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The Machine by Justin Roff-Marsh

The Machine

I was kindly thrown this book, The Machine by Justin Roff-Marsh published in 2015, by a friend to read whilst taking a break with the kids in Scotland. And I found it an amazing read, the application of logic and rational thinking to the mysterious world of sales is refreshing and from my perspective, it is more applicable to today than ever. I have spent many years mapping and analysing business processes, both sales and after-sales, and for me, this book resonated on how people need to think differently today, although the irony is that beyond sales many other operational business functions grasped this many years ago and it is probably the conventional sales mindset that has blocked such progress for sales.

The book argues that the traditional sales model and sales process, so prevalent in so many businesses not least the automotive sector, is just not fit for purpose. Organisations wrestle with customers moving seamlessly between all the different channels available to them, whilst the behind the scenes the organisation struggles to join things up making the ‘seamless’ experience feel anything but seamless for the customer. For the organisation, they are prevented from realising the value from both the short and longer term relationship with the customer. Indeed within the automotive sector, the issue is compounded by the introduction of the current franchise model with multiple retailers, retailer groups, the manufacturer and sometimes even an importer sitting between the manufacturer and the retailer groups.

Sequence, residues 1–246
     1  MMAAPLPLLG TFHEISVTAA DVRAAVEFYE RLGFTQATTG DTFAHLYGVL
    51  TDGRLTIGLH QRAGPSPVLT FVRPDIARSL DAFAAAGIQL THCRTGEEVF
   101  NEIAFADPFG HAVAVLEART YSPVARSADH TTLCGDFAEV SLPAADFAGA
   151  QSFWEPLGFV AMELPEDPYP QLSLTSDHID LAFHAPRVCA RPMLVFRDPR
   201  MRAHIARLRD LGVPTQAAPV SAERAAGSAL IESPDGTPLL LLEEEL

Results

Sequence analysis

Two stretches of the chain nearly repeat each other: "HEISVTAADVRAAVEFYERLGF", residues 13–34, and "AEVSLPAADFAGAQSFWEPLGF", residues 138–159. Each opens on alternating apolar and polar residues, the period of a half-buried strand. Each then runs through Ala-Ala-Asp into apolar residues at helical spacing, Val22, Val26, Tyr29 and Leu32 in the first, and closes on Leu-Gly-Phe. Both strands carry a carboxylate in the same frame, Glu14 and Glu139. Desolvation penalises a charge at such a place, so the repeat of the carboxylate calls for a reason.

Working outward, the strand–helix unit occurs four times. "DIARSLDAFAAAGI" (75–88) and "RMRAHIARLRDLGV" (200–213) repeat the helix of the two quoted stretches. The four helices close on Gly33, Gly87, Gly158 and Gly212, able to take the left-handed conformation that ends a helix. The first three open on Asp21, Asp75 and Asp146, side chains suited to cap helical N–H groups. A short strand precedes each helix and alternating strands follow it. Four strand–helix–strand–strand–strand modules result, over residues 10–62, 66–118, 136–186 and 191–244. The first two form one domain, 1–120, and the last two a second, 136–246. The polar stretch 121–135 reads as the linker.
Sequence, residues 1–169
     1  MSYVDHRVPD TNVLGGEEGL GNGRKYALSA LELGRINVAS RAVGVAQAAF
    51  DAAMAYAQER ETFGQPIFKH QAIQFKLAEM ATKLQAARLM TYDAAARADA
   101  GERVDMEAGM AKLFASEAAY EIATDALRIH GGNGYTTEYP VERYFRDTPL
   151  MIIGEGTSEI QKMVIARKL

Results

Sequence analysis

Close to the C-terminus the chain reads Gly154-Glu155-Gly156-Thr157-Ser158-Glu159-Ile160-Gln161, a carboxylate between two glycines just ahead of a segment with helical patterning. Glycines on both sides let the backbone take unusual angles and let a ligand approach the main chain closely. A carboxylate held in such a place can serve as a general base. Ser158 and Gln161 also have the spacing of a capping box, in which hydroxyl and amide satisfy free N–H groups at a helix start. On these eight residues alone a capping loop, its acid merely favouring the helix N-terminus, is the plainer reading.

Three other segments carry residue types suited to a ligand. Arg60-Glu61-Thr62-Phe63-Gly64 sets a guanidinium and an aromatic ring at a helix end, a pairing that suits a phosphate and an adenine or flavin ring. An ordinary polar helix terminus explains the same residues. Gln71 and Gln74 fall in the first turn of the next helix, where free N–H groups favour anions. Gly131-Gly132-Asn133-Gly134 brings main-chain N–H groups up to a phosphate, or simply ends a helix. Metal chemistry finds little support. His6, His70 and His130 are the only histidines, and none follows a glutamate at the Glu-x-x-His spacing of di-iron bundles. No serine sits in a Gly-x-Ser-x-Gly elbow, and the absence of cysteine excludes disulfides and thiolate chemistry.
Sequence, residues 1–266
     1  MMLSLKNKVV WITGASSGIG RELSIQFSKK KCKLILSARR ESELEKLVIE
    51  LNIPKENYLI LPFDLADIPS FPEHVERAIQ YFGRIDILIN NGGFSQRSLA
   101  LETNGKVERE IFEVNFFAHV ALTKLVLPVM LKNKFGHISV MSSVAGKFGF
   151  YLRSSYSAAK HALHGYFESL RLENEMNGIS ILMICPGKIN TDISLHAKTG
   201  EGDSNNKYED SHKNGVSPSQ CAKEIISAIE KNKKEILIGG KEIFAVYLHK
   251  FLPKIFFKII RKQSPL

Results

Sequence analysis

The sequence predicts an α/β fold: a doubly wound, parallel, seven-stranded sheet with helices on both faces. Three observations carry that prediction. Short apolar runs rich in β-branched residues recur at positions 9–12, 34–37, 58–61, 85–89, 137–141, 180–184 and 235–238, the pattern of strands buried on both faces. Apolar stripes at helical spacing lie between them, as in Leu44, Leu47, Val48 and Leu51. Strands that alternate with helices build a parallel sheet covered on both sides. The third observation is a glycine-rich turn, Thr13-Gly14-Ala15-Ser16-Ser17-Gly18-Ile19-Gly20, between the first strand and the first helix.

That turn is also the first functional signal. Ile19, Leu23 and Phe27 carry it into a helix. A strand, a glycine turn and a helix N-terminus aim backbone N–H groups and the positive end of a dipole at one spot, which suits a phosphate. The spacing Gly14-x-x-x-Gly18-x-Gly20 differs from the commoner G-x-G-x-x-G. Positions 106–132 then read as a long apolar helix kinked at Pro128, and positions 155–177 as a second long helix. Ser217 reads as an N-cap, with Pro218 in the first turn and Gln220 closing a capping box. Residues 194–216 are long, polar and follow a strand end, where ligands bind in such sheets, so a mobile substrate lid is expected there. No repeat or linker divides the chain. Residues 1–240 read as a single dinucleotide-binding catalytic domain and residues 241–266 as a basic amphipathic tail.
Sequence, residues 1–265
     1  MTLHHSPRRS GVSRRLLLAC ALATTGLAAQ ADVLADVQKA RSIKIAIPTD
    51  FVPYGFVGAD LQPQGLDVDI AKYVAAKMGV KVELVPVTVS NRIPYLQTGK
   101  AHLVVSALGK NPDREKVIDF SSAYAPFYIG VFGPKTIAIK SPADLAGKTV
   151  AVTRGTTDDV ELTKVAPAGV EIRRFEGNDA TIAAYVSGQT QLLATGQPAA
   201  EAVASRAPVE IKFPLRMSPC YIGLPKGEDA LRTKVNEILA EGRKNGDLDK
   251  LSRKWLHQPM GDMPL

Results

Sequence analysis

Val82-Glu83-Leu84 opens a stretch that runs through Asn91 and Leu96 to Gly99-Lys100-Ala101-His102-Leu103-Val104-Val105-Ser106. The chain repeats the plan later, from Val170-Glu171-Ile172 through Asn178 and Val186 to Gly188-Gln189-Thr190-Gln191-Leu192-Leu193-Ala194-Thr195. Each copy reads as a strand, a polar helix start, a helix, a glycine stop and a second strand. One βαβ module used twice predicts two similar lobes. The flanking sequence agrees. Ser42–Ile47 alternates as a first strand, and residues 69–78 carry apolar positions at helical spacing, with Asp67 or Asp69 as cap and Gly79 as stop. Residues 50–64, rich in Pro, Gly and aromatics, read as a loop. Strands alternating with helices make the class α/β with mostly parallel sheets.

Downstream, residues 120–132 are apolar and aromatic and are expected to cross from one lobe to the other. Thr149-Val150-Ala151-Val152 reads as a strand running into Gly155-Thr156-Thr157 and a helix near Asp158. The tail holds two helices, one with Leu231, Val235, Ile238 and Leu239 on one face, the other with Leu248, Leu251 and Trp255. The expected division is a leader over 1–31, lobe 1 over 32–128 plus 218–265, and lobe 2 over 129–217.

The first place, so many have turned to find a solution to creating the seamless experience and realising the value, is technology. Initially, this was through contact management solutions, then CRM solutions and now increasingly layering over the top, or to the side, e-commerce platforms. These solutions have so often been touted as being the ‘silver bullet’ to make it all happen resulting in organisations sinking tens of thousands, if not hundreds of thousands into these technical solutions. But as Justin Roff-Marsh clearly points out in Chapter 10, the result is to overlay often complex technology over an ‘outdated’ business model with its associated sales organisational structure, sales culture and sales business processes resulting in little if any benefit. Frequently, the business case is undermined further by the application of a sales remuneration model that drives short term thinking and self-interest. The reality is, and this is the message from the book, is that you have to think about sales very differently today and apply different principles to your business model and how you structure your organisation and define your business processes. There need to be new underpinning principles that drive the development of an environment where the customer does get a truly seamless experience as they move between the multi-channels whilst allowing you to maximise the lifetime value of your customers – a truly omni-channel experience. Well worth read and certainly enriches and re-enforces our thinking at Atonic4commerce.